Water infrastructure getting $3M boost
There has been much discussion surrounding how a smart grid would have prevented the flooding, and related outages, from Superstorm Sandy. Perhaps the answer lies more in a smart water grid.
Some U.S. cities will get the chance to test this theory. A new public-private program will help cities across the country finance and build resilient integrated urban storm water infrastructure systems in order to prevent damage during future severe weather events, and the Rockefeller Foundation will provide up to $3 million in seed money in just the first two years.
Using innovative sustainable infrastructure such as replacing concrete with porous pavement, restoring creeks and wetlands, and increasing tree cover can help cities manage storm water often at a fraction of the cost of upgrading traditional concrete infrastructure, making them more resilient to extreme weather.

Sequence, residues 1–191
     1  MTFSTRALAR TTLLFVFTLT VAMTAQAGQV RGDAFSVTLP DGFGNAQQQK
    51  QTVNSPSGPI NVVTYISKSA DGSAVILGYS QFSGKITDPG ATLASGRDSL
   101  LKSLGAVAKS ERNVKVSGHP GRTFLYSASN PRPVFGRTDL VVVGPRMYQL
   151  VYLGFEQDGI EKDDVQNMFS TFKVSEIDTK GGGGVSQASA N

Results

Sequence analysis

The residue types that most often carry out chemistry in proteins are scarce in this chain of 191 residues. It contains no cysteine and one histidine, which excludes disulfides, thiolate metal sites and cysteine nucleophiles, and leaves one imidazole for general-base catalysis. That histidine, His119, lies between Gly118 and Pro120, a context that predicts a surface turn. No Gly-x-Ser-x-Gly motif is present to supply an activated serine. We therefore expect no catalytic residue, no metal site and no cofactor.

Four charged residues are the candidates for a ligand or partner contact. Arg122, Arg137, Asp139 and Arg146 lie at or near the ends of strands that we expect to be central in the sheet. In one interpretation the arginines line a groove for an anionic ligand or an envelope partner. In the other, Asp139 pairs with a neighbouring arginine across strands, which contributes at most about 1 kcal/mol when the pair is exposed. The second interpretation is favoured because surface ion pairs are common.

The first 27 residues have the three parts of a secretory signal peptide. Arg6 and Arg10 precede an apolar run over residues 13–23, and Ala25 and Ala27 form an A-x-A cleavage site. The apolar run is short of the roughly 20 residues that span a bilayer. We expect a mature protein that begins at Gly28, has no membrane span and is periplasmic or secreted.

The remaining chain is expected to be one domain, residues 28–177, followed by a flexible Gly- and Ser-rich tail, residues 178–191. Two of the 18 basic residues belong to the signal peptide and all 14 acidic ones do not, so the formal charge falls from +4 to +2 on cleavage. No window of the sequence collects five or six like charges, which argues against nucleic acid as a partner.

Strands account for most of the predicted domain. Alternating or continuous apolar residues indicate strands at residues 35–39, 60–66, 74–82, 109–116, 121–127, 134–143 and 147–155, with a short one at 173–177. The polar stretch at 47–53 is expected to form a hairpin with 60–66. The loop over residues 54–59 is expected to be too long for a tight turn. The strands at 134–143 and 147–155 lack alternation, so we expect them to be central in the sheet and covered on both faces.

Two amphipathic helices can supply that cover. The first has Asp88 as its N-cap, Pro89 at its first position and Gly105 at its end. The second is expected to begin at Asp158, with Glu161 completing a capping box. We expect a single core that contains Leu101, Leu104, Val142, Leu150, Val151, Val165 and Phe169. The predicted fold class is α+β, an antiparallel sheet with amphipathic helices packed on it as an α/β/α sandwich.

"RE.invest will empower local communities to design and construct more resilient storm water systems and use innovative financing approaches to do so," said Dr. Judith Rodin, President of the Rockefeller Foundation. "Philanthropic, private and public dollars must work together to help cities better respond to events like Superstorm Sandy, [and] invest in technology for the future..."
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